Table 2
Factor structure of the MSCEIT
Table 3
Correlations among MSCEIT task scores

To determine whether age or gender influenced the factor structure, we regressed age and gender from each of the eight MSCEIT tasks, saved the unstandardized residuals, and reran the factor analysis. The exact same two-factor solution as above was observed.

3.3 MSCEIT correlations with functional capacity and symptoms

We examined the correlations between the four clinical symptom clusters assessed on the BPRS, the UPSA, and the four branch scores. The correlations were generally very low for the BPRS (all absolute values of r’s < 0.23), although some were significant due to the large sample size (see Table 4). The correlations were higher and significant for the UPSA and relatively consistent across the branches (all between 0.25–0.55).

Table 4
Correlations among MSCEIT Branch Scores, UPSA and BPRS Symptoms

4. Discussion

Our brief report revealed that schizophrenia patients’ performance on the MSCEIT yielded two factors: a Regulation factor and a Perception factor. Our results replicate those of (Eack et al., 2010) to an impressive degree. The two factor solution is identical and the same task (blends) cross-loaded on the 2 factors in both studies. It is notable that the same results were found in our study and Eack et al. despite using patient samples that were rather different in racial composition, age, and illness duration. In addition, we found that correlations between clinical symptoms and MSCEIT branches were generally small.

The two-factor structure of the MSCEIT in schizophrenia patients in our study and in Eack et al. appears to be different than either the two- or four-factor solutions seen in healthy controls (Mayer and Salovey, 1997; Mayer et al., 2003). In a large sample of community subjects (over 2,000), the four factor solution yields four branches that progress from lower level (e.g. perceptual) to higher level (e.g., regulation) emotional operations (Mayer et al., 2008). The developers of the MSCEIT also found a two-factor solution (Mayer et al., 2003). One factor defined by branches 1 and 2 is called “Experiential.” A second factor defined by branches 3 and 4 is called “Strategic.” In some ways we and Eack et al. also found an Experiential and Strategic factors, but unlike the normative sample, the Experiential (or Perception) factor included branches 1 and 3; the Strategic (or Regulation) factor included factors 2 and 4. These results suggest that schizophrenia patients also have a division between lower-level, and higher-level emotion intelligence processes. However, branch 2 (Facilitation) is processed as higher-level, and branch 3 (Understanding) is processed as lower-level. The reason for the discrepancy in structure is not clear, but could be related to relative patient-control differences across tasks and branches. For example, our patient sample was closer to the normative sample in facial emotion perception, but substantially different in facilitation. At any rate, the current replication suggests that this atypical structure of emotional intelligence in schizophrenia is reliable.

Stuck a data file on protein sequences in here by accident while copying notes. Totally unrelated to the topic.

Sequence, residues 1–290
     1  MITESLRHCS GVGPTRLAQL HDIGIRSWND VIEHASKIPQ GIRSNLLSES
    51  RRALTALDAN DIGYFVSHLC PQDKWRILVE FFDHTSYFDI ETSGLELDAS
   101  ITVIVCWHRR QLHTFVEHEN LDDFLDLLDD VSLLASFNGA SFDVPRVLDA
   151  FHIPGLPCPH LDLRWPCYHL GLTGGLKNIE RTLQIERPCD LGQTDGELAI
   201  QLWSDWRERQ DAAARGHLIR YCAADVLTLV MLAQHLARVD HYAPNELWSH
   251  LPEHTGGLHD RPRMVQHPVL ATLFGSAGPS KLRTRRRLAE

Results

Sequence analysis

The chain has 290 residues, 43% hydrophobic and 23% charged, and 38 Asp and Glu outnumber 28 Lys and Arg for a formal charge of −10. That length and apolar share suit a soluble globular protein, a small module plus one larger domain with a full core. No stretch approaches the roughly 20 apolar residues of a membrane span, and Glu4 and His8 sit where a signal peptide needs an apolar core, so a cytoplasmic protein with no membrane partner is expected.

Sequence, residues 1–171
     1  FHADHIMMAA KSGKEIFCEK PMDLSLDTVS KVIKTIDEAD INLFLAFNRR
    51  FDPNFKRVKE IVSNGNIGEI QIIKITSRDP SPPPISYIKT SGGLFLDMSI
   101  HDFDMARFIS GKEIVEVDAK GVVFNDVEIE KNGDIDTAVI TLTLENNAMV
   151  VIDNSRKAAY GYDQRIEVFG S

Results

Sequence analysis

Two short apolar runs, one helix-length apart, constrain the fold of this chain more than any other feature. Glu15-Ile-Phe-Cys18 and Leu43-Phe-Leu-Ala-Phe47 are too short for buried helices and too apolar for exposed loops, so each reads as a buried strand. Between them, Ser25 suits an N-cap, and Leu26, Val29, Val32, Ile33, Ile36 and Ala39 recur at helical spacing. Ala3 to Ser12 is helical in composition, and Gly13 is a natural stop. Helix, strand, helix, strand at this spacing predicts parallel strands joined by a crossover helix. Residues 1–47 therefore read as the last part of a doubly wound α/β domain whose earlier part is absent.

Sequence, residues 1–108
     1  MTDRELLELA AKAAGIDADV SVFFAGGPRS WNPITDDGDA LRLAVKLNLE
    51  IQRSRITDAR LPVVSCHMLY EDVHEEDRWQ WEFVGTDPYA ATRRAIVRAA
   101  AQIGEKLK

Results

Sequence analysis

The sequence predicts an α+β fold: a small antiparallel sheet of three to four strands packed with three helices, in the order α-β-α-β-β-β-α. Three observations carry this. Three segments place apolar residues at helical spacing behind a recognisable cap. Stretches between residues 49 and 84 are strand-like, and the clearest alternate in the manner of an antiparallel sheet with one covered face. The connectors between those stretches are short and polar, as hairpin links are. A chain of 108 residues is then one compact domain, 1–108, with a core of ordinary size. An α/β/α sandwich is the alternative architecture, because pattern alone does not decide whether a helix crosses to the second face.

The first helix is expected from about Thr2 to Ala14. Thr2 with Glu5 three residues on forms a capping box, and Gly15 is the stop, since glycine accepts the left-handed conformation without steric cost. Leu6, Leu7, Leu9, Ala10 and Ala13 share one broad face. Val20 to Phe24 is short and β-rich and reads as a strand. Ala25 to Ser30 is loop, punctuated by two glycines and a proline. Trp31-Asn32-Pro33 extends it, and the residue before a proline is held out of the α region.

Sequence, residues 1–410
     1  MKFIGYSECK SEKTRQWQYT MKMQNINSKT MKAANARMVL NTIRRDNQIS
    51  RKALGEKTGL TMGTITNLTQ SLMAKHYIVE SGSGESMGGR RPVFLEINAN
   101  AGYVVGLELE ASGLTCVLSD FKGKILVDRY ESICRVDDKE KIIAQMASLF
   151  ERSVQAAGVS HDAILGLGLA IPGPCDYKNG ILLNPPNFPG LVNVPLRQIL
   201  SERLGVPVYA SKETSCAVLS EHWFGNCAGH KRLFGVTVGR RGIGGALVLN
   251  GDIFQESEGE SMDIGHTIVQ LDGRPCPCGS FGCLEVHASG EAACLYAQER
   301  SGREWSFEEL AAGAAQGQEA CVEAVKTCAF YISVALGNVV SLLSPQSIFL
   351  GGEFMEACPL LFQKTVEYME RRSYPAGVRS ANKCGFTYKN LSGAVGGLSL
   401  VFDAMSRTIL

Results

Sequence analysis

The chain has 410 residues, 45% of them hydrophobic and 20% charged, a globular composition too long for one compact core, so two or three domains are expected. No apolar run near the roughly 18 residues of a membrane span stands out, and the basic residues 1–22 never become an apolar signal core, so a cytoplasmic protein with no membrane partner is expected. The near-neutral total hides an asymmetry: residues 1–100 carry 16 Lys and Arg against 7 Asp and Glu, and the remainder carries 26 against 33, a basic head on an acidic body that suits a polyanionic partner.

Acknowledgments

We would like to thank Mark McGee, Crystal Gibson, Kimmy Kee, Poorang Nori, and Cory Tripp for help in data collection and management.

Role of Funding Source

Funding for this study was provided by the National Institute of Mental Health grant MH043292 to Michael F. Green. The funding agency had no further role in the analysis or interpretation of data, in writing the report, or in the decision to submit the paper for publication.

Footnotes

Conflicts of Interest

Disclosure: Drs. Lin and Wynn have no financial or ethical conflict of interests to report. Dr. Green is an Officer in MATRICS Assessment, Inc., but he receives no financial compensation for his role in the company or from the sale of the MATRICS Consensus Cognitive Battery.

Contributors

Roles: Drs. Lin, Wynn, and Green were responsible for the conceptualization of the paper. Drs. Lin, Hellemann and Wynn analyzed all data. All authors wrote and approved the final manuscript.